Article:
Bill St. Arnaud
- Bill St. Arnaud is a consultant and research engineer who works with clients around the world on a variety of subjects such as next generation Internet networks and developing practical solutions to reduce CO2 emissions such as free broadband and dynamic charging of eVehicles. He is an author of many papers and articles on these topics and is a frequent guest speaker. For more details on my research interests see https://www.researchgate.net/profile/Bill_Arnaud
Monday, September 10, 2007
Web 2.0, SOA and mashups for front line military and medical applications
[The acronyms are getting a bit silly - Military 2.0, Medicine 2.0, Battlefield 2.0, etc. But the underlying application of Web 2.0, SOA and mashups to all sorts of endeavours continues unabated - and the impact remains significant on how these technologies will transform various aspects of business and society. Some excepts from NetworkWorld and a pointer from Richard Ackerman -- BSA]
Troopideas.com is not exactly “MySpace for war fighters," but it’s a Web site that invites frontline troops to post their ideas for improving the combat experience. Engineers and developers then use Web 2.0 techniques such as mashups and wikis to turn those ideas into reality.
Dozens of U.S. servicemen and women have so far posted submissions to the Web site since it was launched early in August. The ideas range from low tech to high tech: Creating a helmet-mounted mirror that lets a soldier see behind his back, for example, and a scheme for blocking the cell phone transmissions used to detonate roadside bombs.
Increasingly, many of these problems are being solved by applying Web 2.0 technologies, such as service-oriented architectures (SOA), wikis and social networking that can help compress the typical product development timetable.
The information battlefield
Integrating information and creating context for understanding is a recurring theme in problems and ideas percolating up from the field. One soldier described how difficult it is to find out what strike options to use against a potential target. Army units typically have to make separate cell phone calls, for example, to Navy, Air Force or Marine counterparts to discover what artillery or missile or aircraft assets are available. “That introduces tremendous delay,” says Loftus. “Often you have to make a [strike] decision before all those calls get completed.”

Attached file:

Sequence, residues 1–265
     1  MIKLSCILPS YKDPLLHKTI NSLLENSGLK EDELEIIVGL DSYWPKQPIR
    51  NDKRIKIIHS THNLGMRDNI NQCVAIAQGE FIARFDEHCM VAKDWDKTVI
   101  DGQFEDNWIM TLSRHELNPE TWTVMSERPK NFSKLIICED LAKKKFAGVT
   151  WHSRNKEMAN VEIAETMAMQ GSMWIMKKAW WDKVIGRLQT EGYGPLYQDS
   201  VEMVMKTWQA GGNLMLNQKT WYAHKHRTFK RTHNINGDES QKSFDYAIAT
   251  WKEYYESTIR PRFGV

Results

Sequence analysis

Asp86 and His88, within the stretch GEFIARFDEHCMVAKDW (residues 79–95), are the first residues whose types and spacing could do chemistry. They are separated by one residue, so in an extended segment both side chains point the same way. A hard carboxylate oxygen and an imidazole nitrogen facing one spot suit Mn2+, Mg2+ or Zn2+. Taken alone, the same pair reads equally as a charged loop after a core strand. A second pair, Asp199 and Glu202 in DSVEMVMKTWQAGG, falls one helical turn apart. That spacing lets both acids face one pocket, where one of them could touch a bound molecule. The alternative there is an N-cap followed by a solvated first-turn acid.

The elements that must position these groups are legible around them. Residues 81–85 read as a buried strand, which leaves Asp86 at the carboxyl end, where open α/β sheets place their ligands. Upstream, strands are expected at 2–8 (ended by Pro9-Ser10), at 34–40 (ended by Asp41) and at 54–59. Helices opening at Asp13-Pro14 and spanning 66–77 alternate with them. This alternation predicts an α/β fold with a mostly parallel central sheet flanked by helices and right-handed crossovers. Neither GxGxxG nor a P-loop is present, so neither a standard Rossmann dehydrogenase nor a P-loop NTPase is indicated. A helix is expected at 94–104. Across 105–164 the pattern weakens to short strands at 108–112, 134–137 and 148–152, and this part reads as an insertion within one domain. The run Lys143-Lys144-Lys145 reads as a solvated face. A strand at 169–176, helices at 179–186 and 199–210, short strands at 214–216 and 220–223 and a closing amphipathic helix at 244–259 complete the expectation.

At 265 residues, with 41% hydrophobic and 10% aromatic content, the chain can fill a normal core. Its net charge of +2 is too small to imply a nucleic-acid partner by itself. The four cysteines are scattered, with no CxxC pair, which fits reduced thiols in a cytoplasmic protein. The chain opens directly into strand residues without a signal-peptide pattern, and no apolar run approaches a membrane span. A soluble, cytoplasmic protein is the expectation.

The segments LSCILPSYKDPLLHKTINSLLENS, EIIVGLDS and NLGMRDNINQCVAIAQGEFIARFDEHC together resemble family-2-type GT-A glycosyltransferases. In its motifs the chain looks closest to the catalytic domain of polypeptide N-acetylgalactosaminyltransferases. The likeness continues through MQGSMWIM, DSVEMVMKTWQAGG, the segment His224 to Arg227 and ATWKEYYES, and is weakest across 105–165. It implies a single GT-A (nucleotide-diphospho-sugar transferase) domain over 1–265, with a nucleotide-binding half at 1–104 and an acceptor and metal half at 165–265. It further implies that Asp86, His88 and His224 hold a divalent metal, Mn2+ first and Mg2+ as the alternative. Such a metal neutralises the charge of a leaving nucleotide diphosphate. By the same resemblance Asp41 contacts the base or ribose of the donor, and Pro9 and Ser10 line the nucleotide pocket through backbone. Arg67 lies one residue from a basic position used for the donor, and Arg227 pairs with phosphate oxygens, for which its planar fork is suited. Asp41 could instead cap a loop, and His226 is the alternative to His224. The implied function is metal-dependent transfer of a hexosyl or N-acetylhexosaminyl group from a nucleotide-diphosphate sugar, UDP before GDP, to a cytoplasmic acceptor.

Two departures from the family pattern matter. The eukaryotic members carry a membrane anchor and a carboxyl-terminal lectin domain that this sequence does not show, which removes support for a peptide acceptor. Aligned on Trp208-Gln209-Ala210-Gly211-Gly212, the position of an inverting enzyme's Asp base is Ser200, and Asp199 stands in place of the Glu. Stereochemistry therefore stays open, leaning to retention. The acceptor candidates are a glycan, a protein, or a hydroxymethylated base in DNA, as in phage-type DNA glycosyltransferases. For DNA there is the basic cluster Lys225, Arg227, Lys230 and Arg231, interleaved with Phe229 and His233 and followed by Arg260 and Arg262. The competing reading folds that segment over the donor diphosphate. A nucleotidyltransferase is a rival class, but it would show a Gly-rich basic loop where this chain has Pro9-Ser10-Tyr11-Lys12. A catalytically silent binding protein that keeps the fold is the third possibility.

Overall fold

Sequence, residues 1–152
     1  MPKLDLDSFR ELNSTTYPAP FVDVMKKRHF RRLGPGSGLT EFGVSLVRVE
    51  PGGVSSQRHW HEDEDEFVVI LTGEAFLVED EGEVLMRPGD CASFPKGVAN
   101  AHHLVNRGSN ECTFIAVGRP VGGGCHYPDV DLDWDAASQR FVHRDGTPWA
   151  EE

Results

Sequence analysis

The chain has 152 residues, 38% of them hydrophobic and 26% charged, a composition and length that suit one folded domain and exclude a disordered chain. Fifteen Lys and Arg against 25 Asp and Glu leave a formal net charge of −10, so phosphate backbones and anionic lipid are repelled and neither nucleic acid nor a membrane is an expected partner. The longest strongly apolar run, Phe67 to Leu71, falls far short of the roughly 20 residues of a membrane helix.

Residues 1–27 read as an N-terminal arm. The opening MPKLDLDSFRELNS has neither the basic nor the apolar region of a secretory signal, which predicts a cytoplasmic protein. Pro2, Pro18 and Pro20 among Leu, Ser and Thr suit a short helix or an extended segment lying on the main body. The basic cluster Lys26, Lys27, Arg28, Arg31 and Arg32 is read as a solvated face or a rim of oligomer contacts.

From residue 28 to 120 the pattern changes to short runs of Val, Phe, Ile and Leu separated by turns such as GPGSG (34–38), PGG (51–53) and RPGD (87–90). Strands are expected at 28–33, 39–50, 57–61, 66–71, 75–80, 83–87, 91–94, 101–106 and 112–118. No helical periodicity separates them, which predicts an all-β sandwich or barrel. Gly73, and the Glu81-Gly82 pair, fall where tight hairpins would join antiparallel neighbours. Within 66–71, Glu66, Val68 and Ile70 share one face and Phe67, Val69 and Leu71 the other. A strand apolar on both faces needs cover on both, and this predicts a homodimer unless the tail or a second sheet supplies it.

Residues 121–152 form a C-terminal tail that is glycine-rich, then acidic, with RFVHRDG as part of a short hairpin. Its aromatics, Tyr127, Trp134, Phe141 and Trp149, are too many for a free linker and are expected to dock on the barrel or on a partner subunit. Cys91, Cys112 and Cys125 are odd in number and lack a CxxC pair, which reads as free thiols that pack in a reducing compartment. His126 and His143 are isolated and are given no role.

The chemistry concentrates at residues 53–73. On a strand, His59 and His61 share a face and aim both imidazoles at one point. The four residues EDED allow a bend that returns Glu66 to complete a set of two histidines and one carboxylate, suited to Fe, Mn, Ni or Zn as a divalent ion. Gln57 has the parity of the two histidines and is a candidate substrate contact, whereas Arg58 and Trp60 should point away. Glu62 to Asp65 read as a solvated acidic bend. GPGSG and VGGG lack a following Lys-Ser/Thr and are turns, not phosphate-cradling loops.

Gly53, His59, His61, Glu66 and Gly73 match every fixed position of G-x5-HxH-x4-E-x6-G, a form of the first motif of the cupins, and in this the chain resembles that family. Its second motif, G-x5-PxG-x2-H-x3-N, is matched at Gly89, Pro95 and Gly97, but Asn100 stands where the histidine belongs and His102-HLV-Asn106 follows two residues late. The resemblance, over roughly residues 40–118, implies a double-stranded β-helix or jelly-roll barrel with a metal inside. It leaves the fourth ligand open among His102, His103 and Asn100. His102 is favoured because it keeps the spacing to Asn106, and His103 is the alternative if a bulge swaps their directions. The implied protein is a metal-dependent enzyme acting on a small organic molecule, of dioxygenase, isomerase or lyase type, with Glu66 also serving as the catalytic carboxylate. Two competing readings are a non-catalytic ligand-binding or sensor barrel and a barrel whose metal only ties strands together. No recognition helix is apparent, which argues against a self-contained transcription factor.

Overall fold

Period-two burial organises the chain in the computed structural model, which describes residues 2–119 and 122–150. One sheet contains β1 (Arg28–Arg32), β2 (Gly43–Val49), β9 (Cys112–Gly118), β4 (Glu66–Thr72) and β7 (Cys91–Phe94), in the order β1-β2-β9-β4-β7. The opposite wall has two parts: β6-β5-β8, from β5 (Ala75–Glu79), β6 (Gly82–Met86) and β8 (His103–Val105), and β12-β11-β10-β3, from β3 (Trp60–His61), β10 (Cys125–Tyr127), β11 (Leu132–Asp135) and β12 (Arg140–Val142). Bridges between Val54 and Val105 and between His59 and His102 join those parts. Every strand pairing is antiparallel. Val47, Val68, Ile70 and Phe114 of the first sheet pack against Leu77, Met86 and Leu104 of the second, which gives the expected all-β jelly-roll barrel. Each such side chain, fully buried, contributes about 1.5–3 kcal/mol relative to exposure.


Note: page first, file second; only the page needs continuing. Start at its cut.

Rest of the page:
Gestalt used SOA tools and interfaces to pull information about available strike assets from the existing command and control systems of the different services, displaying the integrated data on a Web page. Now, an Army commander can see what options he has to strike a target, how long it will take for each to hit the target, and evaluate the results and affects of each weapon.
I’m pretty sure that web 2.0, the new generation of web services, will (and already is playing) play an important role in the future of medicine. These web tools, expert-based community sites, medical blogs and wikis can ease the work of physicians, scientists, medical students or medical librarians.
We believe that the new generation of web services will change the way medicine is practiced and healthcare is delivered.
So I decided to collect sites, presentations and services that could be helpful for medical experts. I collaborate with Ves Dimov (at clinicalcases.org), Bob Coffield (at healthcarebloglaw.blogspot.com), Brian Jefferson and Ken Civello (at askdrwiki.com).
I’ve had several opportunities to present my work in many clinics here in Debrecen, Hungary, but now I’m planning to search for universities around the world interested in a presentation like this one below. If you’re interested, just send me an e-mail to berci.mesko [at] gmail.com.
Medicine 2.0= web 2.0 + medicine
at 12:04 PM